Search firm details results of public input on Urbana superintendent

Search firm details results of public input on Urbana superintendent

URBANA — Twenty focus groups, two open forums and one online survey later, Minnesota-based School Exec Connect has generated a long list of ideal qualities for the next superintendent of Urbana schools.

School board members heard a long list of those qualities — and the conditions that inspired community members to request them — Tuesday evening, where a School Exec Connect representative presented its data-gathering methods in detail.

The 20 focus groups that included a "wide variety of stakeholders" got input from a total of 187 people. Two open forums gathered input from another 40, and an online survey of Urbana residents — with French, Spanish and English options — received 540 responses, most in English. School Exec Connect combined all three to create its list, representative Diane Robertson said.

"The first way it can be used is as a screening tool and an interview tool for when we are looking for candidates," she said. "The board can use it to get a better understanding of the community's thinking. Also, the community and candidates can review it and get a better idea of what's going on and the thoughts of the community."

But given its exhaustive nature, Robertson added that "it's important for everyone to remember we're not going to find a candidate that has all the qualities that are on the profile, but we will try to find candidates who have most of them."

Many of the themes that emerged from the focus groups and the online survey overlapped: community members — ranging from high-level and non-certified staff to business and community leaders, as well as parents and students — hoped for a new superintendent who would be "collaborative" and an "effective team-builder," someone visible both in and out of the district who is "visionary" and "forward thinking."

"Many times, if the person could be bilingual, that would be a plus too," Robertson said. "People didn't necessarily feel that had to be a must-have but would mention many times that if this person would be bilingual, that would help."

School Exec Connect also created its own analysis of the community feedback, couching some of the pressing issues it noted in strong language.

"There are fractured trust layers throughout the organization," Robertson said. "This has severely damaged the organization and has resulted in the loss of key staff, morale erosion and a culture of fear at every level. This exodus is likely to continue until trust and rapport is re-established. The new leader needs to be able to re-establish trust and collegiality on every level, from the board to the central office, students, parents, staff and community.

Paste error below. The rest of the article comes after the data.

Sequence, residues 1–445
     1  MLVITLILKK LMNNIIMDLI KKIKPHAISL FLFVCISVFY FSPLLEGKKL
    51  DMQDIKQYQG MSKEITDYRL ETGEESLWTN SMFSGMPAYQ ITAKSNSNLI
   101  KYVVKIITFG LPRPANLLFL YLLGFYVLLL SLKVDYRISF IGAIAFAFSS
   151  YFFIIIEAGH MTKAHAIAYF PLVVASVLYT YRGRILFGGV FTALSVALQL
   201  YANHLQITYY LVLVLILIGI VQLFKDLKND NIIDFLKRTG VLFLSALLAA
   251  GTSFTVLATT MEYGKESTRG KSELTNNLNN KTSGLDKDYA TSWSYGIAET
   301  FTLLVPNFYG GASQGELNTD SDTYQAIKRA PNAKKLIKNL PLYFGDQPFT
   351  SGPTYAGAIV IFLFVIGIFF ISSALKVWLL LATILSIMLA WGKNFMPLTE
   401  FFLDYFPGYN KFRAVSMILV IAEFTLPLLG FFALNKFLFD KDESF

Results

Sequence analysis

"Due to the exodus ... a wealth of institutional knowledge is no longer available to those who continue employment with the district," she said. "A system of checks and balances from the boardroom to the classroom has been missing. The new superintendent should develop a process for holding all parties accountable for successfully fulfilling their individual roles. This includes the board of education, central office staff, administrators, teachers, students and parents."

The firm also echoed a previous board call for formal mentoring of new district administrators — who are numerous at the district's secondary schools.

Robertson said the point wasn't to harp on the district but to emphasize the strengths needed for the incoming leader, who will also be in charge of appointing two new assistant superintendents once hired. The draws to Urbana — both as a community and as a school district — were just as numerous as the issues people had with prior administration, she said.

"It's a micro-urban community — that came out almost first," Robertson said. "It's a diverse community — that came out first a lot. The UI was mentioned every time as an asset; partnerships you have or had with the UI were strengths, and also partnerships with local businesses. Dual-language was mentioned many times as being a strength."

Should all things with the search go to plan, Robertson said board members could be conducting interviews of a slate of five to seven candidates on April 26-27, with a selection ready to announce by early to mid-May.

Board member Peggy Patten asked Robertson if that process was "faster than most."

"It's a little tight, but it's not unreasonable," Robertson said. "It's not uncommon that within the last 7-10 days, we get the big push. One of our promises was if we can't find some good candidates ... we're going to come to you and say, 'We need to put a pause on this' or recommend that you continue in an interim situation while we continue to look for good, quality candidates.

"We would rather take our time than bring you somebody you feel you have to settle for."

There are already applicants, she added, with some waiting to see "what the profile shakes out to be."

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